by Nicola Graig
Thanks to the QCBS excellence awards, I was able to attend the Joint Aquatic Sciences Meeting in Portland, Oregon this past May. This was a particularly exciting meeting as it was the combination of four leading aquatic research societies including the Society for Freshwater Science and the Association for the Sciences of Limnology and Oceanography. The large scale of the meeting made it a great opportunity to catch up with colleagues and collaborators as well as network with aquatic ecology experts from around the country. There was a large variety of subject matters discussed and I made a particular effort to attend some sessions outside of my normal ‘research range’ and as a result, learnt some potential new techniques I could use to improve my own work!
I gave a presentation on Thursday afternoon discussing different mechanisms that can affect fish production over a water color gradient. Essentially, research has shown that fish production tends to decline in darkly stained lakes compared to those with clear water. However, the mechanisms that result in this reduction in productivity are not well understood. My research is showing that a combination of a reduction in resource as well as habitat availability in darker lakes may lead to reductions in fish growth rate, maximum size, age at maturity and average reproductive output. We can use this knowledge to better understand how lake ecosystems work and to better manage dark-water systems which are common in northern temperate and boreal regions. The ecosystem-level effects of terrestrial inputs into lakes which can stain waters is a pretty hot-topic in limnology at the moment so I had a lot of interest in my presentation which was exciting! I also received some thought-provoking questions which improved my research model.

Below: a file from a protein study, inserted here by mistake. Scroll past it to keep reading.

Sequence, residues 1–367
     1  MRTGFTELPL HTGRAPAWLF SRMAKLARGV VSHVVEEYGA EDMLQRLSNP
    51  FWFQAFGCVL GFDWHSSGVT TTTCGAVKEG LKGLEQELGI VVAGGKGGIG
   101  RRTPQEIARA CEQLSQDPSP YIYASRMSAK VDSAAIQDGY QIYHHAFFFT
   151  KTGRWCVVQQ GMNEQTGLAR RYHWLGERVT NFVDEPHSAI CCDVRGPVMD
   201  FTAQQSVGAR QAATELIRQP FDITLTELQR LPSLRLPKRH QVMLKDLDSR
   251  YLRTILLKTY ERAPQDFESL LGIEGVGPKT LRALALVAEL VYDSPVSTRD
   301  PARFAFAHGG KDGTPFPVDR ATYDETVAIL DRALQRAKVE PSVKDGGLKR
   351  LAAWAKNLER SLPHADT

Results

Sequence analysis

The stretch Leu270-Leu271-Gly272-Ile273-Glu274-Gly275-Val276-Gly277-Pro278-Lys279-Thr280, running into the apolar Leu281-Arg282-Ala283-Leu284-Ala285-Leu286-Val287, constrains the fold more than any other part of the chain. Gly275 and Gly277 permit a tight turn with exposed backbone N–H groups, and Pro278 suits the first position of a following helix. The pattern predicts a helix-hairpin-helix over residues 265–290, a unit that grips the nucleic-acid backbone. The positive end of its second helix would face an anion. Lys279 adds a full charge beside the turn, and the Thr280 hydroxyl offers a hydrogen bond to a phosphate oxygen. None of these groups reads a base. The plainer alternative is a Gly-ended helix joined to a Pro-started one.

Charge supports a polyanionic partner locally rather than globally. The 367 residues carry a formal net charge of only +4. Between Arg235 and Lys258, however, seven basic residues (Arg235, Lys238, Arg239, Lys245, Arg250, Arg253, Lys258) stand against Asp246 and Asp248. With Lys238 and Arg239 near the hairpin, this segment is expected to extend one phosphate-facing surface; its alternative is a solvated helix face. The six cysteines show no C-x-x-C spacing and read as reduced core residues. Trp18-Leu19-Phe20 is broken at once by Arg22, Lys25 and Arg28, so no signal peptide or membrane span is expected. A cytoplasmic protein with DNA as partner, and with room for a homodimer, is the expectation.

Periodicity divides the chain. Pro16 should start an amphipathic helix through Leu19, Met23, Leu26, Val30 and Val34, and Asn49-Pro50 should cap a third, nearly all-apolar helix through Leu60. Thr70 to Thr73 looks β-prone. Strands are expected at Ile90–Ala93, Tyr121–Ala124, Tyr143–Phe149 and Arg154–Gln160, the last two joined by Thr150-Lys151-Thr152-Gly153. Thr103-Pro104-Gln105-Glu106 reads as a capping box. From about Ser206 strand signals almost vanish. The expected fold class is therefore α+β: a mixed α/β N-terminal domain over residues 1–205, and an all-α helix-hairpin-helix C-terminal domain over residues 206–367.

Portland was a really vibrant city and we were lucky enough to have beautiful weather for the whole week. One of the highlights for me was a large social gathering for the conference participants in the Pioneer Courthouse Square downtown. It was surreal to see so many aquatic scientists merry-making in the same place at the same time and the setting made it easy to meet new people as well as catch up with old friends! Attending this meeting really helped me to improve my research methods, consider new ideas and make some new contacts to bounce ideas off in the future, so thanks for the opportunity QCBS!